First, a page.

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Strategies to Cover Onstage Equipment Failure
Responding to a posting by Petri about software failure,
it occurred to me that most sophisticated live loopers I know
have little strategies they use as performers, to cover equipment
What are yours?
For mine, I always take a simple stomp box pedal looper and have it
in line before my LP-1/Repeater. In the future this will be
an LP-2 Mini Looper but for the past few years it has been a Line 6 DL-4
and now, currently, a Line 6 M9. If major gear fails, I try to
move the performance forward and keep playing (attempting to check
out the gear furtively as something else is playing)
I've had so many equipment failures in my life (Lexicon Jamman, Gibson
EDP, Electrix Repeater,
Looperlative LP-1) that I have been forced to finish entire shows with a
simple stomp box looper
so I've practiced doing that. It means one has to change aesthetic
gears and immediately
get over one's disappointment that things failed. Moving the
performance forward immediately
from a musical standpoint is crucial at this time, imho and with the
best possible attitude visible to the crowd
(even when you feel like hell and are NOT pleased). A little acting
comes in handy here.
Of course, with all the special features of the sophisticated loopers I
use, this means my
entire show changes it's course so I try to keep a 'beginners' mind'
attitude about it
all and remember the delight I had when I first started using the
Lexicon Jamman or
the Line 6 DL-4. I was so turned on when I first started looping or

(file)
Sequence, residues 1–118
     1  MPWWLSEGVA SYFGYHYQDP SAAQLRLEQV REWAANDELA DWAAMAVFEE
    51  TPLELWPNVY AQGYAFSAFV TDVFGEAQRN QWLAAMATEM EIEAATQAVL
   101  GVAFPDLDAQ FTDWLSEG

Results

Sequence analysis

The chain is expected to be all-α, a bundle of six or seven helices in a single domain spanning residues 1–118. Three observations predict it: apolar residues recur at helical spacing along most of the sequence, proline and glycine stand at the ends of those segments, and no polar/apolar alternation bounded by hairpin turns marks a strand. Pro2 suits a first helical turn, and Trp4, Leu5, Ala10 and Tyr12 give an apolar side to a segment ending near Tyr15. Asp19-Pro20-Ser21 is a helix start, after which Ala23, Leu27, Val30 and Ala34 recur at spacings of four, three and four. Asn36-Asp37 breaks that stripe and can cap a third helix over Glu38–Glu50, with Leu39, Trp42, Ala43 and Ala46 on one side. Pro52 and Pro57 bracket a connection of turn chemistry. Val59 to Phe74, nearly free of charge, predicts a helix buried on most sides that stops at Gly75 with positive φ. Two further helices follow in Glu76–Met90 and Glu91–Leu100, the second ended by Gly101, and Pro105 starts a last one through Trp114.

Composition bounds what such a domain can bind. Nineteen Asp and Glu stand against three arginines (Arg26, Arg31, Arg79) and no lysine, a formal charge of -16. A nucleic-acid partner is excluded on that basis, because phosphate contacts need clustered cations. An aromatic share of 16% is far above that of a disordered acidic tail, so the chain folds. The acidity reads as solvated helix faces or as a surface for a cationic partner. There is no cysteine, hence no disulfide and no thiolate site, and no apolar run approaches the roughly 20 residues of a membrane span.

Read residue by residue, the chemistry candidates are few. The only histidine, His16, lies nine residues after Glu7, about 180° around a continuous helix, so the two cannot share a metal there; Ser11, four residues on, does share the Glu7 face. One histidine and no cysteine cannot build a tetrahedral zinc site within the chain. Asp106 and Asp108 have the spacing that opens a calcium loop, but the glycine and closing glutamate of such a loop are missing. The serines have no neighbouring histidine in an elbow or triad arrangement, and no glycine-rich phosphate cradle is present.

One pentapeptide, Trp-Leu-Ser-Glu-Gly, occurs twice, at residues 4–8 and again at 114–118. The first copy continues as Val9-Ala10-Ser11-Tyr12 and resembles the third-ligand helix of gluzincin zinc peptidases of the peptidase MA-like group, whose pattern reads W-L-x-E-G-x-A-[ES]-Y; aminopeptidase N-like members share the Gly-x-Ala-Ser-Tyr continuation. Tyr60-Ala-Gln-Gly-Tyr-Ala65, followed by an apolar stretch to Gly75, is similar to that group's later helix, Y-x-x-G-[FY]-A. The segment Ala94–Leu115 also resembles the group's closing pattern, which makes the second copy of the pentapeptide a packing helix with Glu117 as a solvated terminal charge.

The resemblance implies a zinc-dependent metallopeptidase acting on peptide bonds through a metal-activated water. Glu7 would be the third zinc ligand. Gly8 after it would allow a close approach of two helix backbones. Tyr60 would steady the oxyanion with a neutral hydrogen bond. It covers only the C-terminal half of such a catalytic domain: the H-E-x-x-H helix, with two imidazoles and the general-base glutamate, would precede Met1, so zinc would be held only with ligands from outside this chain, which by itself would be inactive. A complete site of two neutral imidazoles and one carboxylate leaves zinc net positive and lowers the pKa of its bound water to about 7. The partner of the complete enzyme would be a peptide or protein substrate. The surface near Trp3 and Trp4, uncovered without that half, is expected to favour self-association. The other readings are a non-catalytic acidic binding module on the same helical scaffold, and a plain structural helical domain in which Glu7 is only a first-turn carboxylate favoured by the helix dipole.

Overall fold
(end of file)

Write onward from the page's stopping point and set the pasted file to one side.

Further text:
when I got any looping
gear for the first time. I think it's efficacious to use that.
I actually think there is something magical watching someone like Lili
a humble RC-2 looper that has no bells or whistles (or even the
backwards, double/half speed
features that I rely on constantly in my own looping).
Some of the most creative performances I've ever seen were by musicians
using the most basic
of looping techniques and technology and being very creative. Some of
the most creative
performances I've ever seen have also been unbelievably sophisticated
(so much so that I ,
as an experienced live looper can't even figure out what the artist is
doing though the resulting
music is amazing.)
One of the things I like to do if I have a major equipment failure is
use that failure humorously
in addressing the audience. I've learned that when musicians are
upfront about adversity on
stage that the audience actually pulls for them. It's funny because,
emotionally, it always
feels like egg on my face and I have a bit of shame that I'm a techno
klutz and have caused
the problem (though frequently, it has just been gear that goes down).
The important thing about this strategy is that it is crucial to keep
engaging the audience,
even if you have to talk to them while you scramble about and see if the
problem is fixable.
Secondly, I remember that music is more important than technique, so I
try to continue playing
if at all possible.
Lastly, if things are really untenable and a solution is longer than a
couple of minutes away,
I ask the audience if I can be allowed a 'time out' and then announce
a short intermission.
I find this is a good way to indicate respect for the audience and then
let's the performance
pressure off so one can attend what's wrong.